Friday 5 February 2010

That Ofgem Report In Full

I may a bit more forgiving towards Ofgem than CU, and as part of our usual service to readers have read their Project Discovery document which confirms everyone’s worst fears about the looming electricity shortfall.

It’s a bit like the Butler Review – a lot of good stuff but as knee-jerk civil servants they’ve felt obliged to encrypt it & we’re supposed to decode for ourselves. It’s even quietly subversive in places:

If [sic] reductions in carbon dioxide emissions domestically is seen as important …(4.21)

If !?! What official body has dared to question the received wisdom like that in the past ten years ? And by way of further heresy, they register the point (albeit obliquely) that wind-power is getting too easy a ride, suggesting that price signals for balancing and peaking problems should be ‘sharpened’ (= greater penalty for intermittent output). Also this:

"The risk is that more generous subsidies are required … in order to stimulate the desired low carbon investment. Should carbon prices subsequently rise, low carbon generators may enjoy super-normal profits at the expense of consumers." (3.21)

We should be grateful these things can still be said, if only in code.

They shy away from the actual infeasibility of government targets: the coded statement is ‘There is a need for unprecedented levels of investment to be sustained over many years’ (a point I first made to the DTI in 2006 but they weren’t amused). This is a pity as a knock-down proof of outright infeasibility can be given.

Ofgem satisfies itself with worrying about a range of things including, most tellingly, the ‘risk of prices being greater than necessary’. Yes indeed - particularly if the 'possible policy measure' of reinventing a central energy monopoly/monopsony is adopted, Heaven help us.

We've cracked the code. Prices greater than necessary. And super-profits for the subsidy-wallahs. Yes indeed.



Demetrius said...

The first glitches and occasional outages are occurring already. It is going to gradually worsen. Will they have to cut off power in some areas to quarantee power in London during the 2012 Olympics as happened in China in 2008?

Elby the Beserk said...

The report headlines on the BBC were hilarious - having suffered a doubling in energy prices in two years, Ofgem scream hysterically that they may go up 25% in 10 years, and that people will not be able to afford these prices.

We can't afford the current prices. Who are these idiots? I assume they don't have to worry about their heating bills.

Nick Drew said...

Demetrius - you got it: local authorities in E.London have been told to come up with priority-lists for receiving electricity in the event selective power cuts are required to ensure the Olympic facilities don't suffer

Elby - yes those headlines were daft, not least because one of ofgem's 4 scenarios shows prices up 52% by 2016, which sounds much more likely

Anonymous said...

Only 52%??

Dream on!

Mark Wadsworth said...

Thanks for trawling through that and cracking the code! So basically, we're f***ed, aren't we?

Joanna Cake said...

So, guys, is there nothing that we can do about it?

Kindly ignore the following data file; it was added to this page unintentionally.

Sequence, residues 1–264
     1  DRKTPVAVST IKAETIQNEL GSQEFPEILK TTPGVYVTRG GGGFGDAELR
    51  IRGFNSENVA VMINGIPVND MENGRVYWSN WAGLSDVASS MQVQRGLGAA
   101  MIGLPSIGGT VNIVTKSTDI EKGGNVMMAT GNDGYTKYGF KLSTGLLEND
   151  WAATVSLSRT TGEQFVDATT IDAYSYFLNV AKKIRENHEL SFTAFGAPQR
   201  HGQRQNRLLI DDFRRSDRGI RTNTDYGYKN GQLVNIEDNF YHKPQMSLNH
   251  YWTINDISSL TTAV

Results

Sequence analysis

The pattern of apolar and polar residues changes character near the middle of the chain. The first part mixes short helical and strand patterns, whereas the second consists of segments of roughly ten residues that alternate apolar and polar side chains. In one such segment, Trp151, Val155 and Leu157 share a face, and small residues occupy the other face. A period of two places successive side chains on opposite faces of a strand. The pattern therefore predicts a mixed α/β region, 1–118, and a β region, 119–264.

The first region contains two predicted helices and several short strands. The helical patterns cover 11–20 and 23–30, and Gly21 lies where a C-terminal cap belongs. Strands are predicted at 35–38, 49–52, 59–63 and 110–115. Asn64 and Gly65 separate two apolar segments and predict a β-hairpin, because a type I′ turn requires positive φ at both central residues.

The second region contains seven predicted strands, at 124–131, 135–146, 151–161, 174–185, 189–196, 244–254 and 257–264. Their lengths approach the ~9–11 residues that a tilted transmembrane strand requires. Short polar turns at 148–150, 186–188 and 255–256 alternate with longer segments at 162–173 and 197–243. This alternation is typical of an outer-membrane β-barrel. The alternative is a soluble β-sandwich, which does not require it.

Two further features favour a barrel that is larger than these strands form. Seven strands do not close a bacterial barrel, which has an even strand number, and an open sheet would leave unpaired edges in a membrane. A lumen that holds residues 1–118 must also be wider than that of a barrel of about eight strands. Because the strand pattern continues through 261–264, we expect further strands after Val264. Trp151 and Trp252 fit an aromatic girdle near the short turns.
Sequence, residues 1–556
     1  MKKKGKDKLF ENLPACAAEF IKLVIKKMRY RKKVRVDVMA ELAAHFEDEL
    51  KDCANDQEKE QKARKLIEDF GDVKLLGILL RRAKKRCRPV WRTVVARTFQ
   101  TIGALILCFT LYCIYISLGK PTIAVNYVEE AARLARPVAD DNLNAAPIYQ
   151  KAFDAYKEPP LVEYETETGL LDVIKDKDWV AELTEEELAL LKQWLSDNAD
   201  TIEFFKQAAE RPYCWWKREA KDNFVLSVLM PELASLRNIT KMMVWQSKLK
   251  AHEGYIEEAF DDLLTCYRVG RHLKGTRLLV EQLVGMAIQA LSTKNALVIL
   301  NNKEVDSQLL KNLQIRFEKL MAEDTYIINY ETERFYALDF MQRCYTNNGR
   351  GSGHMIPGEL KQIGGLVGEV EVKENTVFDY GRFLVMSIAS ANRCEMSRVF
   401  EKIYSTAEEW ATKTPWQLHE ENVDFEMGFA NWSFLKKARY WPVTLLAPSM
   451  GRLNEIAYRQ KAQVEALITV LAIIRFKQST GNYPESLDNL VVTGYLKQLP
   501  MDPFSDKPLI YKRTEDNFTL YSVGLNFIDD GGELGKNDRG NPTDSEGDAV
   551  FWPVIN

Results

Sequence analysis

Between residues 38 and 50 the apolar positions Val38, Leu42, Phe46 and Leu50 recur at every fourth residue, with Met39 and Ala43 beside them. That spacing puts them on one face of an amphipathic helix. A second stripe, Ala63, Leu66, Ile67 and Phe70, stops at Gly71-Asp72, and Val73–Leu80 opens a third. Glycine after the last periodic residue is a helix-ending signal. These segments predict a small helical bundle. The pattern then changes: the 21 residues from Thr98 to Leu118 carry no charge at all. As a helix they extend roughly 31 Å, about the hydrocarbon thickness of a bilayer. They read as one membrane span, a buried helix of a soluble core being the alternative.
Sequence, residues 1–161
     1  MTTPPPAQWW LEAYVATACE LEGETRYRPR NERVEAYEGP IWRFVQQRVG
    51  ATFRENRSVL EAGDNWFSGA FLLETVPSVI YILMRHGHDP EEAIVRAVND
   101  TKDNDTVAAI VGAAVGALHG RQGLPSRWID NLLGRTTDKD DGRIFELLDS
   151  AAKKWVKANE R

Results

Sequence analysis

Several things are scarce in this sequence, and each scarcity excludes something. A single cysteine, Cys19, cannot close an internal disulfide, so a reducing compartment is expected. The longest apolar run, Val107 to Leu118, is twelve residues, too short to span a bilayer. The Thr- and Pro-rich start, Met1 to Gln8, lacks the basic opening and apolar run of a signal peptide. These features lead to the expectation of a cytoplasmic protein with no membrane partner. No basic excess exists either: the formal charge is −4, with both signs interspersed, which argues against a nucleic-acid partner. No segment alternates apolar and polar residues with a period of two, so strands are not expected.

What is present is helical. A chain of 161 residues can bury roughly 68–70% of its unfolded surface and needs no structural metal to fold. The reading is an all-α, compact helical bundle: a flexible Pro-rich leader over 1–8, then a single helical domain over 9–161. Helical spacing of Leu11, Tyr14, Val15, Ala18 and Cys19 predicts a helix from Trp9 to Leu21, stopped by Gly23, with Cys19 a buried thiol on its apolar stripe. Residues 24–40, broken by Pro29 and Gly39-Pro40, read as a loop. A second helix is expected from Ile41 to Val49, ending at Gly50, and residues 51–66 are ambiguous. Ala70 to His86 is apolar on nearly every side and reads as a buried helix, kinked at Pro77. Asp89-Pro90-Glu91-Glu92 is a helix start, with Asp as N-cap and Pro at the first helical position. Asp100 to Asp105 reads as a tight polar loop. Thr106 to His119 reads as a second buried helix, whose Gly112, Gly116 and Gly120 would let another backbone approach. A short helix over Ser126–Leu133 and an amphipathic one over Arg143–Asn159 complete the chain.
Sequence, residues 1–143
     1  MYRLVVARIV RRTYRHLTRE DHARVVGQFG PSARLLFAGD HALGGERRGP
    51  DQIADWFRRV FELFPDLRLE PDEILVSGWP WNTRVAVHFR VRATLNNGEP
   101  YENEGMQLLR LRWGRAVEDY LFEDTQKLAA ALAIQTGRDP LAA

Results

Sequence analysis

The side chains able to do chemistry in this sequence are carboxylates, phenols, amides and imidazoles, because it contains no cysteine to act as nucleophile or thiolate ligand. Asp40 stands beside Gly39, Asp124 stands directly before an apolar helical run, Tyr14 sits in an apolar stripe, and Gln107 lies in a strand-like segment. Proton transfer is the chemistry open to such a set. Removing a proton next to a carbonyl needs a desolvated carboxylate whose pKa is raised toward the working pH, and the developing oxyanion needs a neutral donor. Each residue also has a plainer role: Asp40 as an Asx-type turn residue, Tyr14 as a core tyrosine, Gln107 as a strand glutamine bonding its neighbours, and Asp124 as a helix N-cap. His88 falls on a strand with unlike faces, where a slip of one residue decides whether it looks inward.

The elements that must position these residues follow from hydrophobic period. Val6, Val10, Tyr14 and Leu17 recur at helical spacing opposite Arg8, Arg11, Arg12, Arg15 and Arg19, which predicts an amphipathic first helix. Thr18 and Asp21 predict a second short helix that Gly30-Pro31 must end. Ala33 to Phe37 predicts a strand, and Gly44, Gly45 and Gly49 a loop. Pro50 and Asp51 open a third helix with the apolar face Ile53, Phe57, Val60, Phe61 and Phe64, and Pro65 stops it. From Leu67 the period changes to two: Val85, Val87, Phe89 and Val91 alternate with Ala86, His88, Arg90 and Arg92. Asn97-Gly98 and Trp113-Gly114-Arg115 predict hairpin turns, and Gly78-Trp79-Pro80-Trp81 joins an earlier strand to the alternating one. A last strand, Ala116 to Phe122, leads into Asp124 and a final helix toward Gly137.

Have we been completely stitched up like kippers from the time the first privatisations began back in 84/85?

Has putting public utilities into the hands of shareholders just been another extension of the whole banking bonus thing - where a few people can make a lot of money short term over investments that will go spectacularly tits up for the majority in the long run?

I still cannot believe that the Government the allowed those companies to then be sold off to foreign investors. As a simple housewife, it just seems like obvious bad sense to put a utility that is so crucial to the running of our country into the hands of someone who doesnt actually live here.

Nick Drew said...

Joanna you may have come to the wrong place, we are big believers in free markets and competition around here. Big topics, but ...

began back in 84/85 - good sense of history: 1st privatisation (BG) went off at half-cock because it was privatised whole, as a de facto monopoly (de jure it had lost its monopoly/monopsony in '82), and no-one managed to sell any gas in competition to them until '89

extension of the whole banking bonus thing - Enron (also a big topic) maybe did that more than privatisation per se, although it was inevitable that the development of trading in gas and elec - vital for competition - would bring trading-style peripherals: but in the utilities it's nowhere as extreme as in banking

sold off to foreign investors - not a problem: the public service obligations on them are great, the regulations tough; they've always over-paid, the physical assets are firmly bolted to the deck

nothing that we can do - watch this space, the Drew energy manifesto is due for an update

Joanna Cake said...

Nick, I am happy to be educated :)

I was working in the City as a humble secretary in the 80s and then I left to have a family. Two decades and one divorce later, Im trying to get my little brain back into gear and understand what's going on... I need to buy my own flat as well as work on my own fledgling business so I have to be more abreast of current affairs and economics. Just to try to be prepared for the future.

I used to watch and listen to the News for education, but it has become apparent that Im just being fed what those in authority want me to hear. When I speak to other bloggers in the States and they give me their version of current affairs, it's very different from what I have been spoonfed.

Please be patient with some of my more stupid and ingenuous comments/questions :)

Anonymous said...

Ecotricity are doing well out of all this.